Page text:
October 12, 2018 – The newly enacted FAA reauthorization mandates 18 new or expedited federal regulations.
Eno Transportation Weekly
October 5, 2018 – 4:30 p.m. – President Trump has signed the new Federal Aviation Administration reauthorization bill (H.R.
October 5, 2018 – As USDOT unveiled automated vehicle policy 3.0 and Congress passed the FAA reauthorization, a panel of experts discussed what comes next for automated vehicle policy in the US.
October 5, 2018 – The staffs of the House and Senate transportation committees are going to be doing a lot of reading over the next three years. The new Federal Aviation Administration reauthorization bill, which President Trump will sign into law later today, requires various entities (mostly, but not always, the FAA) to submit 119 new reports to Congress in the coming years.
October 3, 2018 – The FAA reauthorization directly addresses the agency’s critical role in certification in order to ensure public confidence in the safety of the system for business and leisure travel. With the industry changing rapidly as new technologies come online, the federal certification process needs to be more flexible and agile.
September 28, 2018 – The House of Representatives has passed the final compromise five-year, $96.7 billion aviation reauthorization bill by a landslide vote of 398 to 23. However, the pending Supreme Court nomination has thrown enough uncertainty into the Senate floor schedule that one last short-term extension of aviation funding, taxes and programs, through October 7, is necessary.
The following is an overview of the final compromise FAA reauthorization bill released in the wee hours of September 22, broken down into five areas: funding authorizations, airline customer service, aviation safety, airports, and unmanned aviation systems. The House Transportation and Infrastructure Committee has released a more detailed section-by-section summary of the bill here.
Saturday, September 22, 2018 (3:45 a.m.) – Just before 1 a.m. on Saturday morning, the House Majority Leader’s office posted online the text of a five-year, $96.7 billion aviation reauthorization bill that the House is scheduled to consider at mid-day on Wednesday, September 26 as a House amendment to a Senate amendment to an unrelated bill (H.R 302). The legislative text is here and a couple of pages of bullet points of the highlights is here.
September 21, 2018 – √
September 20, 2018 – Last Thursday, the Federal Aviation Administration hosted a conference, “Aviation Workforce Symposium: Ensuring America’s Pilot and Mechanic Supply”. Eno was on site at the event, which featured speakers representing the federal government, industry groups, the military, educational institutions, and private airlines.
September 12, 2018 – As the aviation industry innovates with vessels of all shapes, sizes, and uses, the House Transportation and Infrastructure aviation subcommittee assembled a panel of industry and government witnesses on Sep. 6 to discuss progress toward integrating all these moving (and flying) parts into the National Airspace System (NAS).
September 6, 2018 – The leaders of the House and Senate transportation committees told reporters this week that they are working to “pre-conference” their disagreements on the Federal Aviation Administration reauthorization bill (H.R. 4/S. 1405). The House passed its bill on April 27 but the Senate has been unable to bring its own version of the bill to the floor.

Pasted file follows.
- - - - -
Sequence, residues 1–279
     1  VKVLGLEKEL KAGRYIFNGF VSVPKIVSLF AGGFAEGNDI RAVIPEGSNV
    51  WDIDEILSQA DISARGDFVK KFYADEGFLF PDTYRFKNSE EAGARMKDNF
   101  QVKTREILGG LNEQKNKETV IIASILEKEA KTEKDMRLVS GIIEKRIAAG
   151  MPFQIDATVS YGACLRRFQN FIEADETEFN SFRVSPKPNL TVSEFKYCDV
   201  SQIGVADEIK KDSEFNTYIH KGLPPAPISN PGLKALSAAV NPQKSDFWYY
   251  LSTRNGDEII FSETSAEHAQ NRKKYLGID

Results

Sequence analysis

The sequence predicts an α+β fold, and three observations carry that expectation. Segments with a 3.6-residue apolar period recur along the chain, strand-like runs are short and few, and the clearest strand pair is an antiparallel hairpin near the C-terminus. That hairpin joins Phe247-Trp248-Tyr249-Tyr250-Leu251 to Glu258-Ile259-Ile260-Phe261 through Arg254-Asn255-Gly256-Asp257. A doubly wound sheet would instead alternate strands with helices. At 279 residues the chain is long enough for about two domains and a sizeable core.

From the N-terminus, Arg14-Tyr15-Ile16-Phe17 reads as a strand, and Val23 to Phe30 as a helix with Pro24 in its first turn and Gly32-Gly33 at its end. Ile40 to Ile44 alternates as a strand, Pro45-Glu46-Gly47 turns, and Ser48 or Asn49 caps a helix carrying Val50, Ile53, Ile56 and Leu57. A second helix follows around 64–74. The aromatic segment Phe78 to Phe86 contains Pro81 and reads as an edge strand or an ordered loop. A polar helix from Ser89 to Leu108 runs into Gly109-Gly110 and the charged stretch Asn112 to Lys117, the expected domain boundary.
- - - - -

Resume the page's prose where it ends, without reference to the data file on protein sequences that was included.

August 24, 2018 – Hopes that the Federal Aviation Administration (FAA) reauthorization bill (H.R. 3/S. 1405) might finally come to the Senate floor before the end of August took a nose dive earlier this week when Senate Majority Leader Mitch McConnell (R-KY) filed what may be a record number of cloture petitions on Trump Administration nominees.
August 17, 2018 – The U.S. Senate came back to Washington this week but did not take any steps to move the FAA reauthorization bill forward.
August 3, 2018 – The Senate adjourned for a 14-day recess this week without taking action on a Federal Aviation Administration reauthorization bill. However, behind-the-scenes negotiations are ongoing, and action on the bill (S. 1405) is still possible in late August.
July 27, 2018 – Although behind-the-scenes negotiations on the Federal Aviation Administration reauthorization bill (S. 1405) continued this week, the press of other business has made it unlikely that the legislation will make it to the Senate floor next week. And with the Senate scheduled to take a recess the week after that, the earliest that the bill could make it to the floor is likely mid-August.
July 12, 2018 – There was widespread agreement on the need to reform laws governing how the Federal Aviation Administration (FAA) can regulate unmanned aircraft systems (UAS) at a roundtable hosted by the House Subcommittee on Aviation on Wednesday.
July 13, 2018 – It is still possible – but by no means certain – that the U.S. Senate could consider the Federal Aviation Administration reauthorization bill (S. 1405) in the next two or three weeks. But the bill will only come up if the leaders of the committee can winnow any potential amendments down to the point that the consideration of the bill can be completed in one or two days of floor time.
May 10, 2018 – On Wednesday, May 9, U.S.
May 10, 2018 – now that ATC reform efforts have been defeated for the time being, it’s worth taking a deeper look at why they failed. ATC reform efforts pursued multiple policy goals, and each policy goal brought a different set of political opponents to the legislation. The combined opposition was just too great to be overcome.